- Open spaces in cities so that indigenous peoples can thrive as indigenous peoples
- Educate our children to be human beings before anything else
- Build relationships, bring together all sectors, to make a better city
- All of these messages come in a bundle
She talked a lot about making space for indigenous people in cities. “Make space for us in the city and the city will be richer for it.” She also highlight the fact that many cities take their names from indigenous languages. “This is not a coincidence,” she said.
“The human city, the real city, is built of relationships, not of concrete and steel.”
Clayton is the MOU team lead of Treaty 6, 7, and 8. He shared a number of statistics about Aboriginal people in Alberta, such as the fact that there are 48 First Nations and 148 reserves in Alberta. Most of his presentation was focused on the importance of treaties and the need for improving education. “Treaties are about relationships and responsibility,” he said. He said Alberta has two systems of education – the provincial one and the band-operated one (there are 58 band-operated schools in Alberta). He spoke about the MOU and their efforts to improve education for Aboriginal youth. “All parties have a collective stake in improving First Nations success,” he said. “Let’s not lose another generation.”
Bob is the former premier of Ontario and is an officer of the Order of Canada. He spoke about the misunderstanding that is at the heart of Canada. He said it is important to understand the context in which the treaties were signed – the Crown’s perspective was “to draw a line in the sand,” he said. It wasn’t a marriage, it was a divorce – it was about saying what isn’t allowed and about what is lost. “The only way to get to a better place is by understanding from whence we have all come,” he said. For Bob, that better place is a country “that is not based on some people thinking they are better than others.”
He also talked about the fast growing urban Aboriginal population in Canada. “As a country we now face a choice: do we celebrate this and make it work and make it happen or do we continue to see it as a problem, a difficulty, an inconvenience, a nuisance?”
Jessica is the national youth representative for the Congress of Aboriginal Peoples. She spoke about “edgewalkers”, her term for Aboriginal youth who “have no patience for the status quo” and who have “a hunger to contribute to a better future.” She said that “indigenous issues are Canadian issues.” Jessica pulled no punches, saying “to hell with fitting our round peg in your square hole.”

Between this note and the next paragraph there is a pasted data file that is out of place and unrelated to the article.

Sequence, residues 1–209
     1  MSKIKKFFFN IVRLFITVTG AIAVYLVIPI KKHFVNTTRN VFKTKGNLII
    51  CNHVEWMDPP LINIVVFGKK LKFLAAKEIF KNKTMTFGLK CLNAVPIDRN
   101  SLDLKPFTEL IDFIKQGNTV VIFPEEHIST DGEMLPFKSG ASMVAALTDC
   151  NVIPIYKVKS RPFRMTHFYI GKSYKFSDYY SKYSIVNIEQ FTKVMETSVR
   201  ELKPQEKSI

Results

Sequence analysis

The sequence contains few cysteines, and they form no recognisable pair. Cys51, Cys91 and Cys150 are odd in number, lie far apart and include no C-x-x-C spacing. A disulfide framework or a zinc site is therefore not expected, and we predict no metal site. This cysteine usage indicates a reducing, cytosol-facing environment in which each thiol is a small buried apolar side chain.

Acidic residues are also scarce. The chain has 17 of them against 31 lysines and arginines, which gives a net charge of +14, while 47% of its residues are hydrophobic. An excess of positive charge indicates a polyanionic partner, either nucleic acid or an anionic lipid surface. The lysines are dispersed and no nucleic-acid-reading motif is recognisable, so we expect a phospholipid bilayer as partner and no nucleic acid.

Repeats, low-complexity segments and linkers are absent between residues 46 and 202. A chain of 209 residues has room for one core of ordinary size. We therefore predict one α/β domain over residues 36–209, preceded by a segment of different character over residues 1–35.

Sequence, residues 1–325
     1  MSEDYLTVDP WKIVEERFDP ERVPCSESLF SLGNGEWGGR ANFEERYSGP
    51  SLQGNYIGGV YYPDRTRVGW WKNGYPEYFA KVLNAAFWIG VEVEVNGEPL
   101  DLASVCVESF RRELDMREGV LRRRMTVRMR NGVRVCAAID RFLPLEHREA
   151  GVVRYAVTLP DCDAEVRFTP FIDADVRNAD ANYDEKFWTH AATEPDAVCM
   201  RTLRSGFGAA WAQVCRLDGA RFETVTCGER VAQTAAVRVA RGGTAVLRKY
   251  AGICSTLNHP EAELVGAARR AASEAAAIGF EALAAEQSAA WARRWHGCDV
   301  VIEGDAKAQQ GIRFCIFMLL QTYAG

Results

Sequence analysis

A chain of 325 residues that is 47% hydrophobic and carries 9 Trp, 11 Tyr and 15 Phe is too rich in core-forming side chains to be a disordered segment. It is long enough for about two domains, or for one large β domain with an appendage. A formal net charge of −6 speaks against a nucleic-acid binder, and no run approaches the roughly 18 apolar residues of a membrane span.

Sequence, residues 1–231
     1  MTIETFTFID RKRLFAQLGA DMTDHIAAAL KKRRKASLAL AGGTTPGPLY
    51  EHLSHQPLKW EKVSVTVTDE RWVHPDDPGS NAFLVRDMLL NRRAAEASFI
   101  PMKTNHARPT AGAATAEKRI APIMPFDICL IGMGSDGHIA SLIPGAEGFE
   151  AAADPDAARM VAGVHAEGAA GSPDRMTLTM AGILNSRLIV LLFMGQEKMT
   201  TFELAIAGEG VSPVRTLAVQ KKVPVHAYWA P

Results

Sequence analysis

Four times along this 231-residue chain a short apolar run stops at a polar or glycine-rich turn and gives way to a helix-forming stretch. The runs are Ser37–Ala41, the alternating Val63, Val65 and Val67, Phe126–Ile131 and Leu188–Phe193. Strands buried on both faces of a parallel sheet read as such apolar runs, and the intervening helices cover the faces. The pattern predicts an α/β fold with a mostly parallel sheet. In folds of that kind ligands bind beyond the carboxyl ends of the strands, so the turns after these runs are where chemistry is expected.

She also addressed the potential of Aboriginal youth. “Aboriginal people are some of the most innovative leaders coming out of this generation,” she said. “They are the future of our cities.” She urged everyone to go find the edgewalkers in their city. “They are everywhere.”
CBC Edmonton’s Mark Connolly closed the evening with some final remarks. He was very open about how much he has learned in the last ten years or so, starting with Treaty 6. “I’m so pleased that now wherever I go, we speak of Treaty 6,” he said. Mark challenged everyone to think about how they could contribute to a broader understanding of the topics discussed during the evening. “It’s Edmonton that came forward here and I think we can make a difference.”
I really enjoyed the presentations. The Walrus promises that their Talks series “delivers fresh ideas and new ways of looking at big issues” and on that I think the event delivered. We’ve been hearing for years that Edmonton is going to have the largest urban Aboriginal population in Canada soon, but why wait until we achieve that milestone to have a productive conversation about what it means for our city?
Every speaker tonight gave me something to think about. I learned quite a few things and came away with a better understanding of some of the challenges and opportunities. The question now, as always, is what the 1,200 people that heard those presentations will do with that information! Taking Mark’s advice, I will continue to learn and to share.
Before and after the presentations, guests were treated to an Aboriginal Art Exhibit in the Hall D lobby and around the edges of the hall itself. Produced by Dawn Marie Marchand and Dawn Saunders Dahl, the exhibit featured the work of ore than 30 Aboriginal artists from Western Canada. It was funded by the Walrus, EEDC, and the Edmonton Arts Council. You can learn about the presenting artists here.
I considered staying home tonight to watch the Leaders’ Debate but decided I’d miss more by skipping the Walrus event. I’m confident now that I made the right call. Kudos to Lisa Baroldi and her entire team at Enterprise Edmonton for putting on a fantastic event! You can see a few more photos here.